As I prepared for fall lessons, I read a lot about using teaching incentives with piano students. Some people are completely against them, others think they should only be used for a short period of time, while still other teachers always have some sort of game or incentive going in their studio. While I'd love for my students to just practice for the pure joy of learning piano and making music, the truth is no matter how good of a teacher I am, there will still be times they don't want to practice.
I still remember being 8 and having a timer set while I was practicing piano to make sure I stayed on that bench long enough to satisfy my parents and my teacher. I also still remember the rocket ship posted on my first piano teacher's wall. We were split into two teams and were competing to see who could make the rocket ships get to their goal the fastest. Suffice to say, I think for a certain age student, teaching incentives work wonders to get through those slumps of learning how to practice and why practicing is important.
Since most of my students fall in this age range, I decided to make a game for them this fall. My goal was to have a game that was:
- portable (since I am essentially a traveling teacher and need to carry everything with me)
- applied to as wide a range of students as possible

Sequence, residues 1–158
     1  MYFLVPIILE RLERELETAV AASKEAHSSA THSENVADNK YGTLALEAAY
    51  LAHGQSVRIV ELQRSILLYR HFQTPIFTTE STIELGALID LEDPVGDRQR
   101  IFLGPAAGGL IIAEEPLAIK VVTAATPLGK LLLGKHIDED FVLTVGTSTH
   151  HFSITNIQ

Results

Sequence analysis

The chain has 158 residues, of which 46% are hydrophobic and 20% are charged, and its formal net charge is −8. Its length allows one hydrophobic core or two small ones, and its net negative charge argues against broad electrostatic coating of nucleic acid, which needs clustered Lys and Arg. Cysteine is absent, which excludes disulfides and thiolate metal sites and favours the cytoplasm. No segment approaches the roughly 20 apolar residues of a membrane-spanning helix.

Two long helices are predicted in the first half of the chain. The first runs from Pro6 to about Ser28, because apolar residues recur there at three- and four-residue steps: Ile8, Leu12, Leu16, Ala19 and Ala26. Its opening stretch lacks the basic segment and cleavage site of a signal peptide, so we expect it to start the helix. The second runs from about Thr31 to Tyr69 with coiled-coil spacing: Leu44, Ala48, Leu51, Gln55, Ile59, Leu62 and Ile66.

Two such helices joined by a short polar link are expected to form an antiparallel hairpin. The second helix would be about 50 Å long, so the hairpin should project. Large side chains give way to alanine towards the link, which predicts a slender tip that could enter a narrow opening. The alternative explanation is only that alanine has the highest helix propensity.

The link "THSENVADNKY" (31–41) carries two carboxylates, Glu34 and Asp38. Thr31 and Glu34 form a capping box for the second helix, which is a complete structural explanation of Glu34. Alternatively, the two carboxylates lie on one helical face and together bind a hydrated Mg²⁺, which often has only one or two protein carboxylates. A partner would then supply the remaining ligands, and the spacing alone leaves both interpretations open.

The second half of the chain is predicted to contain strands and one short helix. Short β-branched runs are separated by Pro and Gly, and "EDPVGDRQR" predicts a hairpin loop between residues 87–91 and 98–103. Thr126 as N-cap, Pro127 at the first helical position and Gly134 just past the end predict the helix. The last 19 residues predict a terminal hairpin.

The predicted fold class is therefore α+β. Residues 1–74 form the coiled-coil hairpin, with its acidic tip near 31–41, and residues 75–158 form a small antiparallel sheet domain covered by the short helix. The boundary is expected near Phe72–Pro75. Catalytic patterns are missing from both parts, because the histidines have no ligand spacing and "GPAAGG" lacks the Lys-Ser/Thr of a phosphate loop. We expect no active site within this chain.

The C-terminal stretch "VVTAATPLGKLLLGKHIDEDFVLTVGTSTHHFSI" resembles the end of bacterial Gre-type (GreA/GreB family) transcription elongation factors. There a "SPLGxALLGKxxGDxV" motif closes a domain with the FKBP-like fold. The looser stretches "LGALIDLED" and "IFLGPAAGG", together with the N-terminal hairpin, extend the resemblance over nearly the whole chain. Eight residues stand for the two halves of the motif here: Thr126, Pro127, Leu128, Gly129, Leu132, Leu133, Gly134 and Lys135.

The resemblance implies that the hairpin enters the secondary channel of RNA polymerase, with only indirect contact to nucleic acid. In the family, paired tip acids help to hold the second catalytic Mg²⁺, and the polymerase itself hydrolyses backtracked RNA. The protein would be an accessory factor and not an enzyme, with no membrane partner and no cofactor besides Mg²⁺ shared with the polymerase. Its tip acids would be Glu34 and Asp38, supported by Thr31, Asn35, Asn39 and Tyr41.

- would cover a variety of subjects and skills
- and could be played for multiple weeks
Allow me to introduce: PianoOpoly!
I based my board game around the idea of Monopoly (hence, PianoOpoly... creative, I know) basically only in the sense that students could go around the board multiple times, getting a prize every time they passed GO! The corners of the board all have bonus squares (kind of like the specialty corners in Monopoly), allowing the students to move extra spaces if applicable.
Then I came up with questions applying to various things I thought my students should know. Some were purposefully difficult (What is the Tempo of Your Piece?), while others were really easy. In my planning, I actually rated them by difficulty to make sure I had a good balance. I also tested the board, doing practice rolls, to see how many "weeks" it would take to get around the board. One time I made it around the whole board in one "week"! Good thing I knew this was possible, because one of my students made it almost all the way around on week!
After all this, I put the game into action with my students. I printed the game board and had it laminated so I could simply write their names into the appropriate squares with a dry-erase marker.
Here were the results from this fall
- All my students made it around at least once! (That was the goal).
- The questions were just the right difficulty. Not too easy and not too hard. They got stuck enough times to make them think without feeling like they would never make it around the board.
- It was portable!
- My students liked it so much, they would remind me when I forgot to have them roll their turn for their lesson.
Feel free to use this with your students! I used it with students who were at least in Piano Safari book 2 (this can work with beginners who at least know their lines and spaces and some other important concepts).